Solidarity of Sounds pairs a good cause with great music

Daily News Egypt
5 Min Read

This week, a full house at Cairo Jazz Club grooved along to Paolo Palopoli’s Mediterranean-influenced Neapolitan jazz/funk fusion, Jordanian acoustic rock band SALAM, and DJ Masters @ Funk and percussionist Seif Khirfan at Solidarity of Sounds, a benefit concert organized in cooperation with Italian NGO Voica World and the Canossa Centers.

The proceeds of the Oct. 18 event were donated to the Canossa Centers, which provide various social services to underprivileged communities in greater Cairo in cooperation with Voica World and with funding from the Italian Foreign Ministry.

“The point is to raise some money and to make people aware that [the Canossa Centers] exist and provide a great service to less fortunate people and children,” said Cairo Jazz Club Marketing Manager Sara El-Redy. “We hope that after this event, people will continue to donate [to] or at least become more aware [of] the good causes that are here in Cairo,” she said.

Eleonora Iannotte of the Italian Foreign Ministry echoed this sentiment, emphasizing that, in addition to raising funds, the concert aimed to raise awareness of the Canossa Centers’ services and the difficult circumstances facing the mixed Egyptian and refugee communities they serve.

Given the high incidence of income inequality in Egypt and the lack of awareness among affluent Egyptians of living conditions for the less fortunate, she said, “It’s important for people to understand the realities in Cairo.”

By reaching out through music, she concluded, “Our goal is for Egypt’s elite to increase awareness of what their less fortunate counterparts go through on a daily basis, and to become more involved in improving their society.”

Together with a good cause, the night’s fantastic line up made it easy to stick around. Alluringly down-tempo without inertia, Paolo Palopoli’s band got the evening off to a strong start. The group’s melodic jam-band instrumentals were as soulful as they were energetic, and vocals from Annita Vigilante captivated as they alternated between easy-going and beachy (think “Girl from Ipanema”) and more powerful but equally well-balanced numbers (think Cranberries circa “Zombie”).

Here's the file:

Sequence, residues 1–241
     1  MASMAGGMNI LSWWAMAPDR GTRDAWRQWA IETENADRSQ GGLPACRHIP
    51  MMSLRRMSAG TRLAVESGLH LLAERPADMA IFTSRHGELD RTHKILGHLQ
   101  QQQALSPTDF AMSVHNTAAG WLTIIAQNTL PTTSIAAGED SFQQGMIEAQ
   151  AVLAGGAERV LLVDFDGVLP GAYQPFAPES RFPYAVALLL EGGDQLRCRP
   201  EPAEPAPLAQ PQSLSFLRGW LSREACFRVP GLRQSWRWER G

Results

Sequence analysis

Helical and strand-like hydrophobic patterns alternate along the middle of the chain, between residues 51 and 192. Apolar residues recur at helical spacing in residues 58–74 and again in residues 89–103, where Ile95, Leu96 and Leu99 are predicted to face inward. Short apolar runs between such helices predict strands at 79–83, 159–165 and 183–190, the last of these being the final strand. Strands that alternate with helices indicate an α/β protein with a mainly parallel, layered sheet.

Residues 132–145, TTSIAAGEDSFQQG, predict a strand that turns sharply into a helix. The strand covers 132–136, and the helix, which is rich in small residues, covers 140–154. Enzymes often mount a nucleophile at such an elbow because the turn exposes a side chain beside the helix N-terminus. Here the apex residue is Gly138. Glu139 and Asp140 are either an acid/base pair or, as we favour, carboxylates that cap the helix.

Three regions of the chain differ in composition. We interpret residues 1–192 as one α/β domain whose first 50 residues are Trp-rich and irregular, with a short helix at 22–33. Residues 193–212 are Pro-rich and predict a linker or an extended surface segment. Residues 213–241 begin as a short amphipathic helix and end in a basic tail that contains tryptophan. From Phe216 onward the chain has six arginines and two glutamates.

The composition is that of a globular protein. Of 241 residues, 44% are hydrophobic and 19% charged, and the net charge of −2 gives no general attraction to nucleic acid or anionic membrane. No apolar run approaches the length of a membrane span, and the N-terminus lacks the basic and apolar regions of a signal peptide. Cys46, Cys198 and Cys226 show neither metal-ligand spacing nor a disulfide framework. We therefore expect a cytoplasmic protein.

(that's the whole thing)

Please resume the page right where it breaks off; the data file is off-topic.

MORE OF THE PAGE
Next up, SALAM distinguished itself as one of the rare pure alternative rock acts to pass through Cairo, with sardonic, yet self-aware vocals, (sung in both English and Arabic) and skillful use of fusion as a means of enriching the listener’s experience rather than an end in itself. While the band’s claim that its “variation of styles, instruments and eclectic lyrics” makes each track “original and unique in sound,” may initially sound like a cop-out for an unfocused act, in SALAM’s case this variety is wonderfully executed. The act mixed matter-of-fact acoustic rock with intriguing pairings of Mediterranean strings and percussion for a sound that was not only unique, but also a real pleasure to discover.

For the die-hards out there, DJ Masters @ Funk and Seif Khirfan kept their promise to keep the party going into the wee hours.

Performers voiced gratitude for the opportunity to support a charitable cause through music.

“It is important for musicians to show solidarity and support for this type of project with our music,” said Paolo Palopoli.

“It’s a great cause, and I hope the support continues long after our event,” said Salam Homoud of SALAM. “I hope the funds generated from this event go into education, health awareness and self development. I’ve seen first hand how much of a life changer these things can be.”

Serving communities in Helmyet Al-Zeitoun, Kilo Arbaa Wa Nous and underprivileged areas surrounding Maadi and Abbasya, the Canossa Centers currently focus on skills training and early childhood education. The Canossa Vocational Center offers language courses in Arabic, English, Italian and French and IT and computer skills training. It also conducts awareness raising activities on human rights, health and hygiene and maternal care.

The Canossa Social Center runs a kindergarten for over 300 refugee children, enabling families who have migrated from Upper Egypt or Sudan to place their children in safe care.


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